Q & A: Ladders, Bucket Trucks, and Scaffolding

Q & A: Ladders, Bucket Trucks, and Scaffolding

Barrett Pryce

Barrett Pryce

Marketing Manager

Barrett Pryce is the Marketing Manager with Vivid Learning Systems, an online safety training provider making life a little easier for safety professionals.

Questions:

(1) “Can you stand on a two sided ladder over the top with a leg on each side?”

Answer: No. This Supervisor Safety Tip for Ladder Safety explains why.

(2) “Can a bucket truck be moved with the bucket in the cradle but a worker in the bucket, example in a parking lot moving pole to pole?”

Answer: Because of collision hazards, it isn’t the safest practice. However, OSHA says: “Never move the equipment with workers in an elevated platform unless this is permitted by the manufacturer.” And, after searching, I couldn’t find a specific OSHA statute saying the practice you describe was against policy. Here’s a Safety Tip for Aerial Lifts to learn a little more.

(3) “How high does scaffolding be before you have to have rails. Curious about a single section with a floor height of 5 feet or less?”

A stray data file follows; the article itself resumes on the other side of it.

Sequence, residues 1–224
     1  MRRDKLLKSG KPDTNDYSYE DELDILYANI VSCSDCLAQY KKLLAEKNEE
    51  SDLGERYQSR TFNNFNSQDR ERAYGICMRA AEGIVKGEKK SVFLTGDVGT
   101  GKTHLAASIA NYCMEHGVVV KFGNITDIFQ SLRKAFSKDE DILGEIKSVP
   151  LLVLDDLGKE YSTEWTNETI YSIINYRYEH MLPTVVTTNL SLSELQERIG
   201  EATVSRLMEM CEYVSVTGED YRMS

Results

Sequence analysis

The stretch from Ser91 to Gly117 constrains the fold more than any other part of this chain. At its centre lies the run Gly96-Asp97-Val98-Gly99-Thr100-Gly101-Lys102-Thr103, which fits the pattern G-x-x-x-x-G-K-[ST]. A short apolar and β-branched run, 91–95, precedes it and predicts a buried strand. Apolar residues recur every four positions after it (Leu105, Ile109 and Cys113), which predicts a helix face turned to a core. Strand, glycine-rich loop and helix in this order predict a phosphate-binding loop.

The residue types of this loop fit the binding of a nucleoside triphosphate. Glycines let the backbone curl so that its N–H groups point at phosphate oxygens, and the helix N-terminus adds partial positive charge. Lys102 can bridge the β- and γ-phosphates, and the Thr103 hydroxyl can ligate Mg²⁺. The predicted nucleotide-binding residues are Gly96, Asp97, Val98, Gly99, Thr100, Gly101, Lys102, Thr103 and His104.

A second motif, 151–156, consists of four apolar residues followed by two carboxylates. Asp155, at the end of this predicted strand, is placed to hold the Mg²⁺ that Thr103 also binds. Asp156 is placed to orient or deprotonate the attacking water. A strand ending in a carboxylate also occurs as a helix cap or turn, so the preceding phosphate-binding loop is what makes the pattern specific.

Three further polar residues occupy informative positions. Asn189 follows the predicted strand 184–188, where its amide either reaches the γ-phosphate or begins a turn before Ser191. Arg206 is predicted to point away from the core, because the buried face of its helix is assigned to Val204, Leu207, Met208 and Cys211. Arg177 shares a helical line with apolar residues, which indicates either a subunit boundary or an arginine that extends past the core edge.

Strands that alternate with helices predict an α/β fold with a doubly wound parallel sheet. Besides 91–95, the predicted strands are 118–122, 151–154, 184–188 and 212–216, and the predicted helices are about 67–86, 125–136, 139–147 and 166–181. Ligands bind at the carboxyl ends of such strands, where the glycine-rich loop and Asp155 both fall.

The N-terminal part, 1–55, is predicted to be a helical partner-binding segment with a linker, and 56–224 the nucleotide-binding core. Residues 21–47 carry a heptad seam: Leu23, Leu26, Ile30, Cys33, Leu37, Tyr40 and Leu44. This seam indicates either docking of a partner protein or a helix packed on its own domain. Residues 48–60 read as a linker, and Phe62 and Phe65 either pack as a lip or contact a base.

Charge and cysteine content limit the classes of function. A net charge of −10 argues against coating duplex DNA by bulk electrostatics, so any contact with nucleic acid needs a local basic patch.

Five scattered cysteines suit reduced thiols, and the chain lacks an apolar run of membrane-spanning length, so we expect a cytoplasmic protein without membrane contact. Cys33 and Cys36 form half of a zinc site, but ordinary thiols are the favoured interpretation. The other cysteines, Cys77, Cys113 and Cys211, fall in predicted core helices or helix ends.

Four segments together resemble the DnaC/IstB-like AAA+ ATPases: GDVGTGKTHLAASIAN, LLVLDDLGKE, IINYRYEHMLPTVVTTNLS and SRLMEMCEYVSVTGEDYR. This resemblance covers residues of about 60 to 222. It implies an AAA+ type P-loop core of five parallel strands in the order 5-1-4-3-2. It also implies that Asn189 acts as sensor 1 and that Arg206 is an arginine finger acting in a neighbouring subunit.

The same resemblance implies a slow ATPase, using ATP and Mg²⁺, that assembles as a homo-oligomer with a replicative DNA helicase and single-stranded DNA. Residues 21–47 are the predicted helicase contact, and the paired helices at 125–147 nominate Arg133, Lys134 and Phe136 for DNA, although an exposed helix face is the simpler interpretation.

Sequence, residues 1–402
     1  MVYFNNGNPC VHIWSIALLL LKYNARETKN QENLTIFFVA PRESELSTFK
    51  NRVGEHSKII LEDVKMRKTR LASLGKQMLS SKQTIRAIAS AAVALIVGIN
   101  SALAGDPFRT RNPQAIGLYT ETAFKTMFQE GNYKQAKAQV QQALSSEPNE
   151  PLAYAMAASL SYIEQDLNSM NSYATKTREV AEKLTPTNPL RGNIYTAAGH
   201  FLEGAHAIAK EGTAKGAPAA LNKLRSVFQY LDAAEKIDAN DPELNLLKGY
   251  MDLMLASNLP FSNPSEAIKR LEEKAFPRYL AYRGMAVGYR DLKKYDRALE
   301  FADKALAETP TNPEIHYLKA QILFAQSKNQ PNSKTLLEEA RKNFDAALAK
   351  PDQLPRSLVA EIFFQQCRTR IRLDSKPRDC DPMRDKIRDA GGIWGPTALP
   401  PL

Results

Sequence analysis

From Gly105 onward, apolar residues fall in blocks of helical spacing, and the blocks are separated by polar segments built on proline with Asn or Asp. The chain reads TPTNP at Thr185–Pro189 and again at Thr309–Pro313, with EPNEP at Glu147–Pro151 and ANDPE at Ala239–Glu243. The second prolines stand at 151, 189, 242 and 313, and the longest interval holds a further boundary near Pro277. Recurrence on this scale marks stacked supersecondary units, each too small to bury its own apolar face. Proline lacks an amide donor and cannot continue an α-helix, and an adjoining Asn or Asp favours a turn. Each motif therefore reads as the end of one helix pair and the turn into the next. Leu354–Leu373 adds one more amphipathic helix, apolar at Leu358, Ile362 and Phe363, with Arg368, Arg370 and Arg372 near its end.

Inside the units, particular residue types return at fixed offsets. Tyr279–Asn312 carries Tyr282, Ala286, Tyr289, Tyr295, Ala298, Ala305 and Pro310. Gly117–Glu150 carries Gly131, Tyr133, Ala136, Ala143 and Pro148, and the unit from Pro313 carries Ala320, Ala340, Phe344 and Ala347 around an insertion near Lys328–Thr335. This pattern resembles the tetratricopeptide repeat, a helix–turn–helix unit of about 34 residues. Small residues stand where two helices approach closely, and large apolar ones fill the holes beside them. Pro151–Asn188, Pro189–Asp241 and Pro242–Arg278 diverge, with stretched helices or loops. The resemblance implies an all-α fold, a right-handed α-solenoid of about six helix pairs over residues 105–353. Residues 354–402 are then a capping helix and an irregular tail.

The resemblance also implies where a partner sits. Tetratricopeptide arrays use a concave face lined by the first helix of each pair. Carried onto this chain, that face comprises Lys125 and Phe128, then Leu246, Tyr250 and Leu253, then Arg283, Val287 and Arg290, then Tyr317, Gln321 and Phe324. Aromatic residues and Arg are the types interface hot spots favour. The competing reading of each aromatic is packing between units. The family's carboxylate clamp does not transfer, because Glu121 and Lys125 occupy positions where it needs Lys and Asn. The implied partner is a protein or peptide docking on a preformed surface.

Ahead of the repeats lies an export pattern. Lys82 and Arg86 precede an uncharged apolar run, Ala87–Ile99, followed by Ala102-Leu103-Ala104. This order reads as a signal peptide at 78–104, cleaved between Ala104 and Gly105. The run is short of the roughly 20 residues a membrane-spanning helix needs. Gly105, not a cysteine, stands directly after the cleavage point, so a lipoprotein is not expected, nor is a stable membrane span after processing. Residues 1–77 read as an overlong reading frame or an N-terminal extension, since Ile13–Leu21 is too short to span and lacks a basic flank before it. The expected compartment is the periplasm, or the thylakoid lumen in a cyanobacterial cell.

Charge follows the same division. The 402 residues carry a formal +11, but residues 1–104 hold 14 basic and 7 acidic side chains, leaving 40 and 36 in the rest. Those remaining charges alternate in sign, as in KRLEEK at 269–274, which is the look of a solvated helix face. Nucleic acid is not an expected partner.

Answer: Under §1926.451, all employees on scaffolds more than 10 feet above the next lower level must be protected from falls. The standard requires guardrails for some specific types of scaffolds (see, for example, §1926.451(g)(1)(iv), which requires them for self-contained adjustable scaffolds; and §1926.451(g)(1)(v), which requires them for each employee on a walkway located within a scaffold). With respect to protecting employees on all other types of scaffolds, under §1926.451(g)(1)(vii), the employer can choose to use either personal fall arrest systems or guardrail systems. 

Whenever guardrail systems are used, they must meet the definition of a "guardrail system" in §1926.450(b), as well as the requirements of §1926.451(g)(4). The standard's definition of a guardrail system is: "a vertical barrier, consisting of, but not limited to, Toprails, midrails, and posts, erected to prevent employees from falling off a scaffold platform or walkway to lower levels [emphasis added]." Therefore, guardrail systems must have midrails. Under Section 1926.451(g)(4), screens, mesh, intermediate vertical members, solid panels and equivalent structural members may be substituted for midrails as long as they meet the requirements in (g)(4).”

20-minute online safety training for Aerial Lifts, Bucket Rescue, Ladder Safety & Ladders, Platforms, Step Bolts, and Manhole Steps 1910.269, and Scaffold Safety.